22 Août 2013
August 22, 2013
FUKUSHIMA (Kyodo) -- A fisheries cooperative in Iwaki city, Fukushima Prefecture that has been voluntarily suspending business since the March 2011 disaster at the Fukushima Daiichi nuclear plant, decided Wednesday to postpone a trial operation that had been set for Sept. 5.
The cooperative has yet to set a new date. Masakazu Yabuki, head of the cooperative, told reporters after a meeting that, "We believe that (the decision to postpone the operation) is logical as we hear about issues over the leakage into the ocean of contaminated water day in, day out. We intend to conduct the trial operation if the situation settles down."
The cooperative originally planned to start the test operation in waters off the city from Sept. 5, aiming to ship their goods after checking them for radioactive materials to confirm their safety.
The majority of meeting participants said that starting the operation on Sept. 5 would be difficult after it came to light in July that radioactive water has been spilling into the Pacific Ocean from the nuclear power plant.
Fisheries operations have been voluntarily suspended in the prefecture facing the Pacific following the 2011 accident. In June last year, the Soma Futaba fisheries cooperative started a test operation off the coast of Soma city, north of the crippled plant. Iwaki City is located south of the plant.
August 21, 2013
"It's just one problem after another."
That's what one angry Fukushima Prefecture resident had to say about Tokyo Electric Power Co. (TEPCO)'s latest accident, a leak of some 300 metric tons of toxic water from a storage tank on the grounds of the Fukushima No. 1 nuclear plant.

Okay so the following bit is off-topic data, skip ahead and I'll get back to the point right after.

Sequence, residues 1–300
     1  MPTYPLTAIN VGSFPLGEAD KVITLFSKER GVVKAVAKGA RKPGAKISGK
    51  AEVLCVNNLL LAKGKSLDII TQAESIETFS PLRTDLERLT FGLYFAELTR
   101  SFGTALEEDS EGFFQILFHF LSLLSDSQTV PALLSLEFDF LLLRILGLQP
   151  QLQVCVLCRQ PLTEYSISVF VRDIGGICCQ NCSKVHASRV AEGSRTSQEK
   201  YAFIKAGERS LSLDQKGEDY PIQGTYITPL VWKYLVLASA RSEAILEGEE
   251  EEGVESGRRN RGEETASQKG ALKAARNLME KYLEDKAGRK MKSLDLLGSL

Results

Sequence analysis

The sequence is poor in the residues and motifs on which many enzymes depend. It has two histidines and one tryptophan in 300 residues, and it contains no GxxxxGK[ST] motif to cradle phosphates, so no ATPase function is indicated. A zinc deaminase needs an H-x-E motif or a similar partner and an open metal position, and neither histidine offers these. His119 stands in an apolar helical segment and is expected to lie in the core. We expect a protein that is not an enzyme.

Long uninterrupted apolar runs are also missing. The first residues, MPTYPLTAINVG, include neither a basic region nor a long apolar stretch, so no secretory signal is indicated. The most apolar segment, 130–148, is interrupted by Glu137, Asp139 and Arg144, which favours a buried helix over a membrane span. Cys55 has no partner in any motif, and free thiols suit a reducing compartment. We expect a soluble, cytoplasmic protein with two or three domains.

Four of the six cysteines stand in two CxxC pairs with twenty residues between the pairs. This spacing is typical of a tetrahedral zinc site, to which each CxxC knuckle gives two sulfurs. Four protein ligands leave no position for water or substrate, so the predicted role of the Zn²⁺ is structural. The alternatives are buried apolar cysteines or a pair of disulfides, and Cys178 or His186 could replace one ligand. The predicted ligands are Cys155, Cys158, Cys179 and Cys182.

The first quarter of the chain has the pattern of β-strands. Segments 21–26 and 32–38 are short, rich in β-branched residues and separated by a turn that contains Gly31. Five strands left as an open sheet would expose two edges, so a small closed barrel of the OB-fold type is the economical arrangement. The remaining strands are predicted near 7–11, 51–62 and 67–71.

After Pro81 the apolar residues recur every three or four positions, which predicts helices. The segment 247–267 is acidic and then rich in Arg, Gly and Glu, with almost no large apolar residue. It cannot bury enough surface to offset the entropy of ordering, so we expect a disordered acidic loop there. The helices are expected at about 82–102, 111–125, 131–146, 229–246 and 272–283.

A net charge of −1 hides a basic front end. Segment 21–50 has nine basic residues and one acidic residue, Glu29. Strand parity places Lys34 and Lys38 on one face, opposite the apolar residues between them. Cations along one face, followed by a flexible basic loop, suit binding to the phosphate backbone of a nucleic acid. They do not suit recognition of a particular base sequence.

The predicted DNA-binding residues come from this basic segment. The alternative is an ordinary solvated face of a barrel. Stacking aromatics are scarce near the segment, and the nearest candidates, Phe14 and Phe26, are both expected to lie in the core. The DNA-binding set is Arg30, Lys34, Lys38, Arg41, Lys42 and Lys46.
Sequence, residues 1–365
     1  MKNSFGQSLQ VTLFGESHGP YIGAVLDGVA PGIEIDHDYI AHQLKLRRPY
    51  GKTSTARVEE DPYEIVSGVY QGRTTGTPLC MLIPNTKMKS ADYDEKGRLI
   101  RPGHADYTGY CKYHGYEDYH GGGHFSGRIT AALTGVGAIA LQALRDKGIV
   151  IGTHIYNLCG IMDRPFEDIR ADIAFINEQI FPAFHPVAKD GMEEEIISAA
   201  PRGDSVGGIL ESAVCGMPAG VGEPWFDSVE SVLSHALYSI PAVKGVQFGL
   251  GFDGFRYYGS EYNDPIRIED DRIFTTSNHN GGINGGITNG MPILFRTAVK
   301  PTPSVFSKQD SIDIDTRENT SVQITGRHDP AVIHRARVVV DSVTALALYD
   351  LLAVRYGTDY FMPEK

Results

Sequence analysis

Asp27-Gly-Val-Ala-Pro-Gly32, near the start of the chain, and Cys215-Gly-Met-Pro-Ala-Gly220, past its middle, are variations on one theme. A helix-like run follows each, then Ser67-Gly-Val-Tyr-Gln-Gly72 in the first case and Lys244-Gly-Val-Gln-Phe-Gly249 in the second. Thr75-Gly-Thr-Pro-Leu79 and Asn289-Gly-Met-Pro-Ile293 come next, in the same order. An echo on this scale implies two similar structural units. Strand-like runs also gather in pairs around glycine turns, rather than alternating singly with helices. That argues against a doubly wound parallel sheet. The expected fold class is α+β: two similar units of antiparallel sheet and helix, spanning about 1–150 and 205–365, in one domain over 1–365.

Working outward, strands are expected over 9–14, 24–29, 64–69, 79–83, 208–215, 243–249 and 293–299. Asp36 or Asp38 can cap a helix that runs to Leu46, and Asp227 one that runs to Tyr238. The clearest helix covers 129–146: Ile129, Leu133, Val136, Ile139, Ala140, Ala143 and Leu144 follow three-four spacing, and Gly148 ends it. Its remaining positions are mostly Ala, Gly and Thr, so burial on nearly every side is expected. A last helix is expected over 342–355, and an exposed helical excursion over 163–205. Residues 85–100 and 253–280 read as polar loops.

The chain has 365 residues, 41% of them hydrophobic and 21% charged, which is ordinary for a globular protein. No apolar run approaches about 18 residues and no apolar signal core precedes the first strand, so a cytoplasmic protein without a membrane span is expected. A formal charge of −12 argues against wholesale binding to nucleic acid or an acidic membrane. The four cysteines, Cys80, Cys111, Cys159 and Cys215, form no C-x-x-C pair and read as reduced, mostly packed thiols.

The resident isn't the only one frustrated with TEPCO and the utility's apparent inability to catch up with all the problems besetting the nuclear station. Local anger has been on high boil since the discovery earlier this year that ground water badly tainted with radioactive substances was leaking into the Pacific Ocean, delaying the coastal fishery's plans to begin test catches for the first time since the March 2011 meltdowns.
"We want these problems dealt with for what they are, a national emergency," said Fukushima Gov. Yuhei Sato.
The storage tank, marked with a black arrow, suspected of leaking some 300 tons of toxic water, is seen on the grounds of the Fukushima No. 1 nuclear plant in Fukushima Prefecture on Aug. 20. (Mainichi)
TEPCO Managing Director Tsunemasa Niitsuma was at an information session in Iwaki, Fukushima Prefecture -- close to the stricken No. 1 plant -- on Aug. 20 to apologize to the local fishing cooperative for the latest leak. At the top of the agenda for the session was countermeasures TEPCO is taking to stop contaminated groundwater from seeping into the sea. The recently discovered storage tank leak, however, soon horned its way into proceedings.
The some 150 fishing cooperative members on-hand poured criticism onto Niitsuma, including one attendee who said, "All your countermeasures look like nothing but makeshift expedients."
Test catches off the coast of Fukushima Prefecture were scheduled to begin in September this year, but have been postponed indefinitely due to the radioactive groundwater leaks.
Fukushima Prefectural Federation of Fisheries Co-operative Associations Chairman Tetsu Nozaki summed up the general distrust of TEPCO when he wondered if the utility "can really deal with the crisis on its own. This problem ought to be dealt with as a national problem."
After news of the leaking tank broke, Fukushima Prefecture formally demanded that TEPCO investigate the cause of the latest accident and implement countermeasures. The prefecture also held an emergency meeting of department heads concerned with the crisis to deliberate a response.
"We've repeatedly demanded that TEPCO improve its safety management, and this latest incident is very frustrating," Gov. Saito commented.